Members include both small business owners and individual consumers. Individuals who are not business owners can become Advantage members. The annual membership fee for an individual Advantage member is $40 for the primary membership card, with a spouse/household card available at no additional cost. The annual membership fee for business members is $35 for the primary membership card, with a spouse/household card available at no additional cost. In addition, business members can add up to eight business associates (add-ons) to their business account for $35 each. Businesses can also purchase Advantage memberships for their employees under a Group Membership Program. Group rates are $30 per group Advantage membership when purchasing 50 - 999 memberships and $25 per group Advantage membership when purchasing 1,000 or more memberships. Sam’s Club PLUS is a premium membership program that offers additional benefits and services. The annual fee for a Primary PLUS member (Business or Advantage) is $100. In addition, Business Plus primary members can add up to 16 business associates (add-ons) to their business membership for $35 each.

Seasonal Aspects of Operations. The Sam’s Club segment’s business is seasonal to a certain extent. Generally, its highest volume of sales occurs in the fourth fiscal quarter, which includes the holiday season, and the lowest volume occurs during the first fiscal quarter.

Competition. Sam’s Club competes with other warehouse clubs, as well as with discount retailers, retail and wholesale grocers, general merchandise wholesalers and distributors, internet-based retailers and catalog businesses. We compete with other retailers and warehouse clubs for desirable new club sites. Our ability to offer low prices and quality merchandise to meet the needs of small business members largely determines our competitive position in the warehouse club industry.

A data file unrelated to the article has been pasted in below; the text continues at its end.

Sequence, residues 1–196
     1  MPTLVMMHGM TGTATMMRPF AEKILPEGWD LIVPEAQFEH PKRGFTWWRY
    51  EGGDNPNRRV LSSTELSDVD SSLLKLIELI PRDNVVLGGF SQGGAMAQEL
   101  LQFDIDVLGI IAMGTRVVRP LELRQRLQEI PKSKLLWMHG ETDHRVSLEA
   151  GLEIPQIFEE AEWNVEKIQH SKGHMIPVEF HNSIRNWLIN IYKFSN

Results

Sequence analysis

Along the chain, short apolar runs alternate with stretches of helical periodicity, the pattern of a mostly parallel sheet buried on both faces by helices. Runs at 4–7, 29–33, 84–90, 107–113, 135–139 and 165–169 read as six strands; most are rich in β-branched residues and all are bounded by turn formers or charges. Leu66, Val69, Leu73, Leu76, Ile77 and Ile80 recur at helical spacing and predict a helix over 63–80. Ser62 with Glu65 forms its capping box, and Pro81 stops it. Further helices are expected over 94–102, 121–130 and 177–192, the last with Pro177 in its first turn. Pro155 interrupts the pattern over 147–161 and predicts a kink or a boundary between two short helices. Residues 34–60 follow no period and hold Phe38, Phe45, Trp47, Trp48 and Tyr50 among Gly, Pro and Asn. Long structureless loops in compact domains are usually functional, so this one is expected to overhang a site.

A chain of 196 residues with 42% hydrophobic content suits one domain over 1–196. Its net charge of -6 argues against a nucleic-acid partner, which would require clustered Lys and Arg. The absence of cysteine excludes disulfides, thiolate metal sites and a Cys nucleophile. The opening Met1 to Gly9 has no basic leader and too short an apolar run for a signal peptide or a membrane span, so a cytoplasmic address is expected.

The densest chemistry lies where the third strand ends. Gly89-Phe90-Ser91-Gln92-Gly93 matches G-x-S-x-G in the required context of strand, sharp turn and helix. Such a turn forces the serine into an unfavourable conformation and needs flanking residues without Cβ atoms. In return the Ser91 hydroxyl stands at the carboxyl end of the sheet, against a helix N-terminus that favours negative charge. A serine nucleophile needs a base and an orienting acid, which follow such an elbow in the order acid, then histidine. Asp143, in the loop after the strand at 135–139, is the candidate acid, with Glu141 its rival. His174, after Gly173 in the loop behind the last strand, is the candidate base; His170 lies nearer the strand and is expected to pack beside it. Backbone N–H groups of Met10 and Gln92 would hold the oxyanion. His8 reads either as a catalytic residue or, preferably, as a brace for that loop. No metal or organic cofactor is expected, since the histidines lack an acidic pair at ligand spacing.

Distribution. During fiscal 2008, approximately 65% of the Sam’s Club segment non-fuel purchases were shipped from the Sam’s Club segment’s dedicated distribution facilities and some of the Wal-Mart Stores segment’s distribution centers for certain items. Suppliers shipped the balance of the Sam’s Club purchases directly to Sam’s Club locations. Our Sam’s Club segment operations are supported by 24 distribution facilities as of January 31, 2008, located strategically throughout the continental United States. Of these 24 distribution facilities, we owned and operated 7. Third parties owned and operated the remaining 17 distribution facilities.

The principal focus of our Sam’s Club’s distribution operations is on crossdocking merchandise, while stored inventory is minimized. Crossdocking is a distribution process under which shipments are directly transferred from inbound to outbound trailers. Shipments typically spend less than 24 hours in a crossdock facility, sometimes less than an hour.

Sam’s Club uses a combination of our private truck fleet as well as common carriers to transport non-perishable merchandise from distribution centers to clubs. We contract with common carriers to transport perishable grocery merchandise from distribution centers to clubs.